Oh wait.

 Okay, so let me get this straight: Robin Thicke wanted to make a video that pokes fun at misogyny…by making his video as misogynistic as possible.

 That doesn’t sound funny or light-hearted to me. Actually, it sounds more like a thinly-veiled excuse to exploit the shock value of a NSFW music video as thoroughly as possible in order to gain publicity. Martel even admits that the primary intent was to make videos that sell more records.

Even if “Blurred Lines” was designed to satirize the misogyny present in American culture, its method of doing so—namely, by being shockingly and outstandingly misogynistic—is ineffective. This is mostly because, within the context of the American popular music industry, neither the song nor the music video is unusually misogynistic. “Blurred Lines” is no more extreme than the slew of the chart-topping hits from the last decade that have undertones of male entitlement and lyrics that perpetuate rape culture. Take Usher’s “Yeah!” for example, which features the lyric “Forget about the game, I’m’a spit the truth, I won’t stop till I get ‘em in they birthday suits.” Or remember that song “Laffy Taffy”? “Big old ass you shaking bitch, close your mouth and don’t say shit.” Yikes. Seriously. As stated by Jimmy Johnson, a blogger for, “Indeed, neither the song nor the video is much more ‘rapey’ than average. Both fall within what American society currently deems an acceptable level of rape. Herein lies the problem.” 

Speculation about whether “Blurred Lines” was intended ironically is irrelevant. The primary problem is that it is being perceived not as a provocative statement condemning misogyny, but as a cultural sensation, released into a present and enduring climate of rape culture acceptance. Psychological studies show that rapists “genuinely believe that all men rape, and that other men just keep it hushed up better.”Dismissals and normalizations of rape in popular culture, such as those intoned by Thicke et al, serve to reinforce this horrifying notion. Indeed, the fact that Thicke believes he has the authority to define what constitutes misogyny in the first place indicates a strong undercurrent of patriarchal entitlement. “Blurred Lines” is, at best, a bad rape joke, and at worst, intentional female dehumanization for the sake of record sales, which is why its wild popularity is so worrying. I know, I know. It’s just so catchy. But allowing it to top our charts isn’t just benign acceptance, it’s willful ignorance, and it’s a setback for women’s autonomy and safety.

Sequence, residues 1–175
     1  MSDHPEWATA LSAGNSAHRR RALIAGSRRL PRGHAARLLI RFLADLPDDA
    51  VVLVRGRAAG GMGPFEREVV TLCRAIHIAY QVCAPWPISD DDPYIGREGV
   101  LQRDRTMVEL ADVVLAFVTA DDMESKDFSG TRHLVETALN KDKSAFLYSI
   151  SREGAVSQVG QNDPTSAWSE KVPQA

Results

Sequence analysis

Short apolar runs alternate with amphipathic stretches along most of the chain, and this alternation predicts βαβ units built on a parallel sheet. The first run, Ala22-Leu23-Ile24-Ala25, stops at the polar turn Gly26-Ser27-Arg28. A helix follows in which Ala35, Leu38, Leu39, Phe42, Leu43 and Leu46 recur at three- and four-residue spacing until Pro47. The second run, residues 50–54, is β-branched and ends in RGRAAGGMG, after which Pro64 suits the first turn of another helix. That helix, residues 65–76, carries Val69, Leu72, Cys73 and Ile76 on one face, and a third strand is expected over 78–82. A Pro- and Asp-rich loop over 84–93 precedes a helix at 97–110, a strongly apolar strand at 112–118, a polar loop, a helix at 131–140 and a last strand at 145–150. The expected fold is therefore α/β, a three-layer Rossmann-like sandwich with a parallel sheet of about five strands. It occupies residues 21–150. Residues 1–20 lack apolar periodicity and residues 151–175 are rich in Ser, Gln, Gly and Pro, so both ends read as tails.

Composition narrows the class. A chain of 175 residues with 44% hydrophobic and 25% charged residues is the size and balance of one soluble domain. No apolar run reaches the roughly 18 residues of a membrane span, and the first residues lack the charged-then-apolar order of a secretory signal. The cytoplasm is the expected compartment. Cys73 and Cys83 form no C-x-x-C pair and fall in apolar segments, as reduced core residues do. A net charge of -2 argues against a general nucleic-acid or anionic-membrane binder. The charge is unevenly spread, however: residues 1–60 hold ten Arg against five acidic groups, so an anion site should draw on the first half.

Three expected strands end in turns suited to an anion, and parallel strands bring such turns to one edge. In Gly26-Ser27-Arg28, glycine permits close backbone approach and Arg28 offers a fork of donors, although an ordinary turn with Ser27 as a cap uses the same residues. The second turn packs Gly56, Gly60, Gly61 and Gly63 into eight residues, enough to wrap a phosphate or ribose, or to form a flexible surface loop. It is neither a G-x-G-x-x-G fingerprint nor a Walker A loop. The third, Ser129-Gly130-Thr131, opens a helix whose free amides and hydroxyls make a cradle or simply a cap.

As trivial as pop culture may seem, it is nonetheless a reflection of our society, and, more importantly, what our society accepts. Every time a song with a misogynistic message rockets to the top of the charts, it reinforces a norm of acceptance, even approval, of rape culture, and it sends a clear signal to the music industry to continue producing more of the same—more “videos that sell records” without care for the perpetuation of violence. When we sing along to it, request it on radio stations, or dance to it at parties, we’re condoning and encouraging patriarchy and toxic misogynistic behavior . And the worst part is, it’s not even necessary; we could listen to any of a million other songs that don’t glorify those norms. There’s so much music out there that’s just as catchy and just as sexy as “Blurred Lines” without the medieval power dynamic—in fact, sexism isn’t sexy at all. And that’s why the next time I hear Robin Thicke murmuring “I know you want it” on my car radio, I’m going to change the station

Jessie Pierce ’14
Contributing Writer